I mentioned in an earlier blog that we are hosting a summer reading with our small group leaders. We are reading D. A. Carson’s The God Who is There: Finding Your Place in God’s Story. We haven’t started the group yet, but I decided to read ahead to try and create a reading schedule and some discussion questions. About 40 pages into the book, God moved.
I have to admit that I struggle with grace. I struggle with receiving it and with giving it. I always feel like I will be judged or evaluated based on my performance. I feel like I need to earn everything. But that’s not grace. Grace is unmerited favor. Grace is an undeserved blessing. I know this, I teach this to students, but I struggle with it.
While reading Carson’s book, the third chapter discusses the covenants of God from the Old Testament. The discussion turned to a practice of the ancient world that was often a part of a peace treaty between super-powers and smaller states. It was a deal struck to keep peace and provide protection. The smaller state would pledge allegiance and pay taxes to the super-power, who would in return provide protection. Carson describes a process that was used to symbolize this covenant:
Sometimes one of the signs of this covenant agreement and corresponding threat was to take animals, tear them apart, and put them side by side with a kind of bloody alleyway between the two parts, and then the two parties of the covenant would walk between the divided animals so as to signify “May this be done to me if I break this covenant. May I be torn apart. May I be cut in half.” (Carson, 51)
Genesis 15 describes a very similar process between God and Abraham. God’s covenant with Abraham included his promise that “all people on earth will be blessed through you.” (Gen. 12:3) This is God promising to do something supernatural and sovereign through Abraham’s line. We know and understand that this is speaking towards Jesus Christ. But what is Abraham’s responsibility in this covenant? After all, a covenant does have two parties. The role of Abraham was to be a people of God, fully devoted and obedient to Him. But how in the world could we do this without making mistakes? This is where God taught me a new understanding of grace.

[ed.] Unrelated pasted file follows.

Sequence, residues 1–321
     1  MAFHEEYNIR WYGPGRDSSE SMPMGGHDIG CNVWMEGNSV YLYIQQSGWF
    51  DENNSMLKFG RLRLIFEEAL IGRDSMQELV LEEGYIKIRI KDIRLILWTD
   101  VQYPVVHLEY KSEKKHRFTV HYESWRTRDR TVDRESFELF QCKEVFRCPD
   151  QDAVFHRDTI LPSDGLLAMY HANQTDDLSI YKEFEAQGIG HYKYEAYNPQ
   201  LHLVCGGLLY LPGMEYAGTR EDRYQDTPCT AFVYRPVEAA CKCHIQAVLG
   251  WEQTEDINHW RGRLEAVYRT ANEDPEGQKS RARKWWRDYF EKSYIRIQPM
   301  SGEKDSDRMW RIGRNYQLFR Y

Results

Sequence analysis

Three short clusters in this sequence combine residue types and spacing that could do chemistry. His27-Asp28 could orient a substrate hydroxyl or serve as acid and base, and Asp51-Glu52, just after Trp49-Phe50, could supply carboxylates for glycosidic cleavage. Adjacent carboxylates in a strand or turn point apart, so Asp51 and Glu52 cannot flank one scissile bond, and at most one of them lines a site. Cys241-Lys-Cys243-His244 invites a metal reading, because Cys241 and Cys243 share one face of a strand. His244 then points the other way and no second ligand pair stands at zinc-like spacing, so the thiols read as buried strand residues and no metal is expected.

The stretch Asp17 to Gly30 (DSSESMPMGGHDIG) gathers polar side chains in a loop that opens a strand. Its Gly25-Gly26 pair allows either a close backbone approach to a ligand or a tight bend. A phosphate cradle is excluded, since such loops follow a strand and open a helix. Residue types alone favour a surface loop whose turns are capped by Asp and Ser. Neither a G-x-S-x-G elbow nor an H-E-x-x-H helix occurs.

Back to Genesis 15 and the similar event. God has Abraham take the animals and cut them apart. He directs Abraham to arrange the halves opposite one another with a bloody alleyway between them. Sound familiar? But here is the difference. Abraham falls into a deep sleep, God speaks to him in that sleep about how his family will fall short of their end of the covenant, and then God moved. Literally, God moved.
“When the sun had set and darkness had fallen, a smoking firepot with a blazing torch appeared and passed between the pieces. On that day the Lord made a covenant with Abram.” Genesis 15:17-18
What happens here is Grace. God passes through the bloody alleyway ALONE. This means that only He is responsible and accountable for the terms of the covenant. This means that Abram, and you and me, will mess up and God will still show mercy, love, favor, blessings, etc. toward his people. I’ve heard about grace, taught grace, and definitely experienced grace. But this illustration really helped me to visualize God’s grace. It widened my understanding of His love. It gave me a deeper understanding of God’s grace.
Amazing grace how sweet the sound!
That saved a wretch like me!
I once was lost, but now am found,
Was blind, but now I see.
‘Twas grace that taught my heart to fear,
And grace my fears relieved;
How precious did that grace appear,
The hour I first believed!
Through many dangers, toils and snares,
We have already come;
‘Tis grace has brought me safe thus far,
And grace will lead me home.
The Lord has promised good to me,
His word my hope secures;
He will my shield and portion be,
As long as life endures.
Yes, when this flesh and heart shall fail,
And mortal life shall cease;
I shall possess, within the veil,
A life of joy and peace.
The earth shall soon dissolve like snow,
The sun forbear to shine;
But God, who call’d me here below,
Will be forever mine.
–John Newton Amazing Grace